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What's the significance of the word "Contemporary" in a lens description? Example from Amazon: Sigma 150-600mm 5-6.3 Contemporary DG OS HSM Lens. I've also seen this on LensRentals.com. Does anybody besides Sigma use this description?

  • That word is going to look very silly when those lenses are 20 years old. – Mark Ransom Dec 14 '16 at 15:04
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This is a Sigma name for one of their lens lines. It is not a general purpose term and really only has the marketing meaning Sigma ascribes to it. From the Sigma website, that definition is:

Engineered for today’s photographer who wants to do it all, our Contemporary line combines superior optical performance and compactness for high-performance lenses that cover a wide range of needs.

Other Sigma lines are Art and Sport. The marketing copy for all three lines is kind of ... fluffy, but at least those two give an idea of what to expect, while "Contemporary" seems like it could mean just about anything.

Sigma offers a 150-600mm lens in both the Sport and Contemporary series. Comparing the two makes the distinction between lines clear. Both lenses are variable-aperture at f/5 through f/6.3, but the construction is very different:

  • The Sport (or just "S") version uses 24 elements in 16 groups, while the Contemporary ("C") version has just 20 in 14 groups. A more complicated design implies better correction of optical artifacts — but add size, weight, and cost.
  • It's not just more elements, either. The glass in the S version is literally bigger. The S version takes a 105mm filter, but the C version has a more compact front element, with a 95mm filter size.
  • And not just that — those large lenses in the front group in the S version are made of Sigma's most expensive "FLD" glass, whereas in the C version, that's only used for the much smaller rear element.
  • Both lenses feature water- and oil-repellent coatings on the front element, but the S version has that on the rear element as well — and while the S version claims "dust and splash-proof construction", the C version just says "dust proof and splash proof mount" [emphasis added].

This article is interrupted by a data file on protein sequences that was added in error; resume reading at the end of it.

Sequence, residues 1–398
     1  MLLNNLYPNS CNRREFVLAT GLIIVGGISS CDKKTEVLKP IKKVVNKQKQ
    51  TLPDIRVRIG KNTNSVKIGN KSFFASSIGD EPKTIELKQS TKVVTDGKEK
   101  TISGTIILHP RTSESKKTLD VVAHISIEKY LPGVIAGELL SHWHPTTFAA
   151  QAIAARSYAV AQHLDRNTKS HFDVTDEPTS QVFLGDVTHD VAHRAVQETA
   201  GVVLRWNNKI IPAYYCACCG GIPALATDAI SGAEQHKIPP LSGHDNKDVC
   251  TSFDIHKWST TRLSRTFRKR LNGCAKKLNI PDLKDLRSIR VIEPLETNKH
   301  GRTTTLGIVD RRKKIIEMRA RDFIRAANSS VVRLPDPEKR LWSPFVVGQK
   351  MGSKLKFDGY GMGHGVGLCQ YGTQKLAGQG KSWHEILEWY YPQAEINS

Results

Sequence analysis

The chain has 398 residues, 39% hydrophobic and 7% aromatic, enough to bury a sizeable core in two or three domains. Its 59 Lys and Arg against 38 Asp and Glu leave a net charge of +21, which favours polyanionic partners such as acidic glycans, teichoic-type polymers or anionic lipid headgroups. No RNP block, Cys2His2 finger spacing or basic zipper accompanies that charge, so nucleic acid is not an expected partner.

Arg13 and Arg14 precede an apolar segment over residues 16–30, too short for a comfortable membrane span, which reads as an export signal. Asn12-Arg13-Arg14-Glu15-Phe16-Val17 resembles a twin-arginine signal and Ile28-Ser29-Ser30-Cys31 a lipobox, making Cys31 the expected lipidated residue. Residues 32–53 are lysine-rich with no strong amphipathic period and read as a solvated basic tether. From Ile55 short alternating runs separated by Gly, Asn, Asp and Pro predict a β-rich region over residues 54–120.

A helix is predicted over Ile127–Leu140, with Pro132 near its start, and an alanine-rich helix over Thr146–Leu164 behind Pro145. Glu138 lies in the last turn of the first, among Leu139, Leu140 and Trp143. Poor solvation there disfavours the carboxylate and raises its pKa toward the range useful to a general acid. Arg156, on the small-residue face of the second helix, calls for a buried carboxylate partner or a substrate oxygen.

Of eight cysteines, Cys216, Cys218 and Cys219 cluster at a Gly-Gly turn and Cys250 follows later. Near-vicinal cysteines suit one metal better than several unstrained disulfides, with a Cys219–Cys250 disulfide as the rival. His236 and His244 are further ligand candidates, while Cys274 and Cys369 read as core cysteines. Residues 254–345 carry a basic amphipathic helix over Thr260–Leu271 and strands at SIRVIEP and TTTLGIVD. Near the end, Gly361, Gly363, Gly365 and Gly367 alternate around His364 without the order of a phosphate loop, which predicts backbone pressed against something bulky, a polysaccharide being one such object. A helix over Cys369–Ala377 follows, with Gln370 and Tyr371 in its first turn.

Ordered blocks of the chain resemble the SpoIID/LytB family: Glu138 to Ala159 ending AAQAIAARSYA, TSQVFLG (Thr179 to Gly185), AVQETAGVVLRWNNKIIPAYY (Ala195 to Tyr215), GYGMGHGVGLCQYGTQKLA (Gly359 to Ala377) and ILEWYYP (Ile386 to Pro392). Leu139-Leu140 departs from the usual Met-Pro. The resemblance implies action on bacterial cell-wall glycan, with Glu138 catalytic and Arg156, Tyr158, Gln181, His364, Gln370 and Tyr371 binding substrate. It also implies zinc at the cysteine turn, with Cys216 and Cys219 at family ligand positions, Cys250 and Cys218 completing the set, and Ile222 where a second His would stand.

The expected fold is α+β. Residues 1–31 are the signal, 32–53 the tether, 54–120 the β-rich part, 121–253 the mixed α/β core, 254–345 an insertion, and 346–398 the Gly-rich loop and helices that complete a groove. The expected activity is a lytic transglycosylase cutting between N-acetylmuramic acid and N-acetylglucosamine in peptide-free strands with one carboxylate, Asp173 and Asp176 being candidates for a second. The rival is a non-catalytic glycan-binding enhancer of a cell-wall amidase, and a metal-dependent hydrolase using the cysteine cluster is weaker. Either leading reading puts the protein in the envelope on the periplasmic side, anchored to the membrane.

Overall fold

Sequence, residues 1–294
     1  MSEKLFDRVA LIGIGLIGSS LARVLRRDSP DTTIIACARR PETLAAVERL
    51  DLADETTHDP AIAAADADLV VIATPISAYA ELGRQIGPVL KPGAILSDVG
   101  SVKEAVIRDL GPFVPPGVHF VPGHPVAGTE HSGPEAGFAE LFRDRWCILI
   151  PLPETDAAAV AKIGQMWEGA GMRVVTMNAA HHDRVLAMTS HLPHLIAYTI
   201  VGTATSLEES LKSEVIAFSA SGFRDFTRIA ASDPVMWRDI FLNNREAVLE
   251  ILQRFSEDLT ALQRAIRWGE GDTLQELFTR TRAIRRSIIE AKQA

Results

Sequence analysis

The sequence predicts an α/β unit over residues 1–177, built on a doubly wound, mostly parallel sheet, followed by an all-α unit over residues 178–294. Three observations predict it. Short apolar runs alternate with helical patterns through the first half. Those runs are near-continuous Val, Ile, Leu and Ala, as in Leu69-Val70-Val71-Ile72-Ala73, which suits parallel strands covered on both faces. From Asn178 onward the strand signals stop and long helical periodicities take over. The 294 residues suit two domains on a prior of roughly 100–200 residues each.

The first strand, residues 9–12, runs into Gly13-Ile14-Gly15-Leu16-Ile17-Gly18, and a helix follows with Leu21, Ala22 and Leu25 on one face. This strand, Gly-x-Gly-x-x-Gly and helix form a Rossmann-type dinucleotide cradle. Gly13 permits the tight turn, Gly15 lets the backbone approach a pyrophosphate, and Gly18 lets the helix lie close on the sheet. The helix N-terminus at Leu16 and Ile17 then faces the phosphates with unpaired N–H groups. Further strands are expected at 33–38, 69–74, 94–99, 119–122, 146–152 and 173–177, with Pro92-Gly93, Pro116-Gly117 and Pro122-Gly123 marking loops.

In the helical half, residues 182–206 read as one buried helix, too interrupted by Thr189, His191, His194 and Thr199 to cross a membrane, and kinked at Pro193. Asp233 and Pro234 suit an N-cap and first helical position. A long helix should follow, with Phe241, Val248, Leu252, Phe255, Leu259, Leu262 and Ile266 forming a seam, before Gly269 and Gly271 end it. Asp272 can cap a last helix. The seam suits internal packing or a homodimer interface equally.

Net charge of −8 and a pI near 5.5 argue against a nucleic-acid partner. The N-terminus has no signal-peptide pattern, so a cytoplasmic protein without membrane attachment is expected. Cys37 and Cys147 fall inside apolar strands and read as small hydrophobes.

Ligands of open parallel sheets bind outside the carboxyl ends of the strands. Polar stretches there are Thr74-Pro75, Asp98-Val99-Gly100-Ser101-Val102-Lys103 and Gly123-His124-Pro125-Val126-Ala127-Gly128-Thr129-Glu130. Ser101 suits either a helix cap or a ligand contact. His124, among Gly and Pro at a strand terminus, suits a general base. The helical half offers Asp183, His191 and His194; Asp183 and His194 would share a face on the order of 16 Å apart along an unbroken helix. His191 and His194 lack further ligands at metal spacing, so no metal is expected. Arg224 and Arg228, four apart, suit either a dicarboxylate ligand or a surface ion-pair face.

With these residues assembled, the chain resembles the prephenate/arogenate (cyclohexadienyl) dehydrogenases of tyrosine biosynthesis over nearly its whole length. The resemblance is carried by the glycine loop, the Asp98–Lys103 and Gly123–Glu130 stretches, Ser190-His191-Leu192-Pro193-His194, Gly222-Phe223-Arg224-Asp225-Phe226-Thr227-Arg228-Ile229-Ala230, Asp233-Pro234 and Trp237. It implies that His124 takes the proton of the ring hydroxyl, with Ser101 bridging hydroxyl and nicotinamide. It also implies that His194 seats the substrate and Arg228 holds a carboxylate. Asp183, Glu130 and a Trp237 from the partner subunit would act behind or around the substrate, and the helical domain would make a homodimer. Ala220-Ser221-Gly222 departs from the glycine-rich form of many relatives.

• All of this means that the S version weighs 2860g, while the C version is just 1930g — only ⅔ the weight.
  • And, finally, the S version lists for $1999, and the C version less than half at $989. What's more, this is the cheapest S lens, and $989 is by far the most expensive C lens.

The 30mm f/1.4 Art and Contemporary lenses provide another example. Here, we have 9 elements in 8 groups vs. 9 in 7; a filter size of 62mm vs. 52mm; weight of 435g vs. 265g, and $499 vs. $339.

Overall, I think it's safe to say:

  • Art lenses: priority on optical performance and rendering
  • Sport lenses: high-end telephotos and zooms, sacrificing size, weight, and cost for optical performance and a more solid build
  • Contemporary lenses: a nice way of saying "this is the budget line filling what a lot of people really want but would be put off from if we actually called it 'budget', and also they might demand that they be even cheaper".
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    TL/DR version: Your last bullet point. – Michael C Dec 14 '16 at 7:40
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    Re: sport lenses: "... sacrificing size, weight, and cost for performance and increased durability. The 150-600mm C lens has optical performance very close to the 150-600mm S. The significant difference is in the build quality, materials used, and weather sealing. – Michael C Dec 14 '16 at 8:06
  • @MichaelClark Added that, although the optical design is also significantly different so I don't want to downplay that. – mattdm Dec 14 '16 at 13:31
  • The "C" might as well stand for "Cost" or "Consumer". – JohannesD Dec 14 '16 at 14:29
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    Solid answer. You could also turn the "budget" point on its head: Sport lenses are the premium line, designed for people who don't blink at spending twice as much for a more durable lens with similar capability. It's commonplace for manufacturers to target multiple markets with different mixes of features and price, like Canon's regular vs. L series lenses, or GM with it's Chevrolet vs. Cadillac brands. – Caleb Dec 14 '16 at 16:39

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